Victoria Carmen White
Newark Man Acquitted in Murder of Transgender Model

By Trudy Ring

Originally published on Advocate.com May 26 2012 11:38 AM ET

A New Jersey man was acquitted Friday of the 2010 murder of transgender lingerie model Victoria Carmen White.

A jury in Essex County, N.J., found Alrashim Chambers, 25, of Newark, not guilty of murder, bias intimidation, and two weapons charges, New Jersey’s Star-Ledger newspaper reports. Chambers, who took the stand in his own defense, denied having anything to do with the killing and painted another man, Marquise Foster, who took a plea deal in exchange for testimony against Chambers, as the perpetrator.

White, 28, was shot to death September 12, 2010, in her cousin’s apartment in Maplewood, N.J. She had met Chambers at a bar earlier that evening, and he had gone to the apartment with her. Also present were Foster and two women, including the cousin. But the women were in another room at the time of the shooting and did not directly witness it. The women said they heard someone yell “You a dude?” and heard gunshots, but they could not identify the speaker or the shooter.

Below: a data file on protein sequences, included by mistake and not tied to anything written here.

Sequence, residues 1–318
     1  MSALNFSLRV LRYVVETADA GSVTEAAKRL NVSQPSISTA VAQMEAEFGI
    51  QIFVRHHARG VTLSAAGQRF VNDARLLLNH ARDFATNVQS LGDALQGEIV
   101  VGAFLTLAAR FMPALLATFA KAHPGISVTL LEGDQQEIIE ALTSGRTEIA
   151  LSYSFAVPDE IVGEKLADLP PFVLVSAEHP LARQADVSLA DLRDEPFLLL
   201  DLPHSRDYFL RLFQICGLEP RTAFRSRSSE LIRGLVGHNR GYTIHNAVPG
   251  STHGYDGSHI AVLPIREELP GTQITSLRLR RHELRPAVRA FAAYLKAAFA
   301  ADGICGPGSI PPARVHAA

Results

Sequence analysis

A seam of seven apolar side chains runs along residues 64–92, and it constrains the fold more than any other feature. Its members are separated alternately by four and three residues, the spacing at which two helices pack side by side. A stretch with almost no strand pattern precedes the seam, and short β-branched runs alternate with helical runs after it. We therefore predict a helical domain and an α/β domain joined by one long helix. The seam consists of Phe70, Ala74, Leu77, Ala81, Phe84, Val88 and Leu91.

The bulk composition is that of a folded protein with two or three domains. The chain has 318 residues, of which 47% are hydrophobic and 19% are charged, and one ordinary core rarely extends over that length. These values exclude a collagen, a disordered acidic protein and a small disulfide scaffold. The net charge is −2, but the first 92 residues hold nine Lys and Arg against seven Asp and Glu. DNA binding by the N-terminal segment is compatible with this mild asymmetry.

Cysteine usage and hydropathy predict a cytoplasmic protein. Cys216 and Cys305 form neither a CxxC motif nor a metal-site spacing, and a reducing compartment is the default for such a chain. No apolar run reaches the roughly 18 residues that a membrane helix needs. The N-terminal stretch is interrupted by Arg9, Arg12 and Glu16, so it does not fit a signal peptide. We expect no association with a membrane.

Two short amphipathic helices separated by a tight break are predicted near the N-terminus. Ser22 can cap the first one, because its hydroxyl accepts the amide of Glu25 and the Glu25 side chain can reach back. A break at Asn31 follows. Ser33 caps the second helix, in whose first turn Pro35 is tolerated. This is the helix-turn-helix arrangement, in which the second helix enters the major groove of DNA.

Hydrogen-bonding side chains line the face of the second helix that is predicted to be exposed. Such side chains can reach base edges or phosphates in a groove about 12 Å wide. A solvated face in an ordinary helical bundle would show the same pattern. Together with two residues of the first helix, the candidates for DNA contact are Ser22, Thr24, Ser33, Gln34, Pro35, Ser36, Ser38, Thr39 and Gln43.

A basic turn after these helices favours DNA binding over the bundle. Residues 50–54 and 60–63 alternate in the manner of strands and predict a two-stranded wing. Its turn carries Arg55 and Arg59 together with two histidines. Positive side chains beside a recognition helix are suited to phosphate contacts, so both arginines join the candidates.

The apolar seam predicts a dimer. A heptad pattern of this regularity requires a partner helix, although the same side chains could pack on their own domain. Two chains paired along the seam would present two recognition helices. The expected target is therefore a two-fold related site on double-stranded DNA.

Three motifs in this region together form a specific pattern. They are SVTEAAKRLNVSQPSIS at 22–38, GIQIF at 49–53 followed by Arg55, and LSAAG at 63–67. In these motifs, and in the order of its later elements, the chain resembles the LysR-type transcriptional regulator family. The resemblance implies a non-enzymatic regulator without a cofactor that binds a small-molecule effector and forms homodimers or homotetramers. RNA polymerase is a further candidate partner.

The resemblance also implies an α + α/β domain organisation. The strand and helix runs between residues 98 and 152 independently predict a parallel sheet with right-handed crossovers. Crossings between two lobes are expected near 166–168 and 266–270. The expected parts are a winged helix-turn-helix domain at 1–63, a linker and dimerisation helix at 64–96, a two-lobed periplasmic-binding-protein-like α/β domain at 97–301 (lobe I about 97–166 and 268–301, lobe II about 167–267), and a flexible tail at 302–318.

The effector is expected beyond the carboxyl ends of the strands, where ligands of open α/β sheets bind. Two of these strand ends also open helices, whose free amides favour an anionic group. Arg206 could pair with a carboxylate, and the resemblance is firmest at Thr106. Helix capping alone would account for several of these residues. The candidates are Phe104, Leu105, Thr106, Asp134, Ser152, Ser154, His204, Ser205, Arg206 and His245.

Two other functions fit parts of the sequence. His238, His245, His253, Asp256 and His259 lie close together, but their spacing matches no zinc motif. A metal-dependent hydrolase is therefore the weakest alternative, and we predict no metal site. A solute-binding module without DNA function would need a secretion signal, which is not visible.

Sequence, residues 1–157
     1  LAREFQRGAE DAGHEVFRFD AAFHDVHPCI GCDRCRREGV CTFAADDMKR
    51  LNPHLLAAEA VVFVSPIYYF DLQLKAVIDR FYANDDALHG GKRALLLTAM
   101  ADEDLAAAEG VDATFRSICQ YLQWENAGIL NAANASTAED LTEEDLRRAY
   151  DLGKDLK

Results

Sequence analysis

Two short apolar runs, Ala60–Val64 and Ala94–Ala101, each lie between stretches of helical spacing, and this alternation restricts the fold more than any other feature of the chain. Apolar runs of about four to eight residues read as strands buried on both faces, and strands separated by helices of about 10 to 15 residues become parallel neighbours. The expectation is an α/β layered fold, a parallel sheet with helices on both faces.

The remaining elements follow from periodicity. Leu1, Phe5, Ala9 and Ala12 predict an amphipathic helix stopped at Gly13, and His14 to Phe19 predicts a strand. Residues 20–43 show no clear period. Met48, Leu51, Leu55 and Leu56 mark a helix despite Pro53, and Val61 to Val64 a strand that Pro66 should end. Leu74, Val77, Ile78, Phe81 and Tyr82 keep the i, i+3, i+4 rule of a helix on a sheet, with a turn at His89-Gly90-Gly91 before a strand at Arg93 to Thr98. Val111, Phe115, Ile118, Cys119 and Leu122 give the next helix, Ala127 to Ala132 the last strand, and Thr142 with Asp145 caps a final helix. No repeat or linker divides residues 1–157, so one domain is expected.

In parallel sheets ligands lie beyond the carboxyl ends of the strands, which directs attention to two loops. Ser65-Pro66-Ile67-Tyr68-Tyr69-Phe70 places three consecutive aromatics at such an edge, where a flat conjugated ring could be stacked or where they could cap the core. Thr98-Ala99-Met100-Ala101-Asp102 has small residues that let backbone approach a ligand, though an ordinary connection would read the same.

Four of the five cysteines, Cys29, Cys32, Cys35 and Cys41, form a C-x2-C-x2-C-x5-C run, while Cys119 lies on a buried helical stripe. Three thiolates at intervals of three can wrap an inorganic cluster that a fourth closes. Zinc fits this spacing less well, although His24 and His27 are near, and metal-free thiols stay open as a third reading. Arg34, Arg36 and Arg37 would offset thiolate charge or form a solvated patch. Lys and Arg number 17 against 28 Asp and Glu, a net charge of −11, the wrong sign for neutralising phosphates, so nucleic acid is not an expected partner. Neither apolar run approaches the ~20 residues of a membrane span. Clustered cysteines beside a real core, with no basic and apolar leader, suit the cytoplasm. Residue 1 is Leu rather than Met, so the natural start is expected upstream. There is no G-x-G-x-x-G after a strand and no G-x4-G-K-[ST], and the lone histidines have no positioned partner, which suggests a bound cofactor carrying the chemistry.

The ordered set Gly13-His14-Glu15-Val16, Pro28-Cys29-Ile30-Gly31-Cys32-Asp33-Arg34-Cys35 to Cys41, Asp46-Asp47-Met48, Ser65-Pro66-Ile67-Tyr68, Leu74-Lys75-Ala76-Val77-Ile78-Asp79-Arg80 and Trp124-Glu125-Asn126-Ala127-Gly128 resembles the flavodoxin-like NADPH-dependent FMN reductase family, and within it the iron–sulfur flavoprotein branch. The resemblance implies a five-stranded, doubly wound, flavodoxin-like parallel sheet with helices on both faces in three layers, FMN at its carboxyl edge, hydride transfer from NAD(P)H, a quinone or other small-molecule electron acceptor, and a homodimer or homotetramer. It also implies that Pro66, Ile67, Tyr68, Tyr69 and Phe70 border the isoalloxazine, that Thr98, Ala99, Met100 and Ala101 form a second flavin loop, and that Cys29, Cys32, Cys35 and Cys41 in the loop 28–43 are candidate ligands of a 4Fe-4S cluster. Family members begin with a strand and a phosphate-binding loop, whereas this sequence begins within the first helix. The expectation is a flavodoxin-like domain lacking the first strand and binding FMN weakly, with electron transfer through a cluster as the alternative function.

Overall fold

Foster had testified that Chambers had been hugging and kissing White and became enraged when he suspected she was transgender, then shot her. But Chambers said he was not in the apartment when White was shot, having stepped out and been unable to return because a door in the vestibule was locked. He said he saw Foster come running out, but Foster didn’t tell him what had happened. Chambers also said he didn’t know White had been killed until he saw news reports two months later that described him and Foster as suspects. Both men turned themselves in to authorities shortly thereafter. The gun used in the killing was never found.

Prosecutor Eileen O’Connor said White’s gender identity provided the only motive for her killing, yet the bias intimidation charge did not figure significantly in the trial, the Star-Ledger reports. White had undergone gender-reassignment surgery 10 years earlier.

O’Connor told the paper that she and White’s family were disappointed in the verdict, “but we put forth all the evidence in the case and did the best we could under the circumstances.”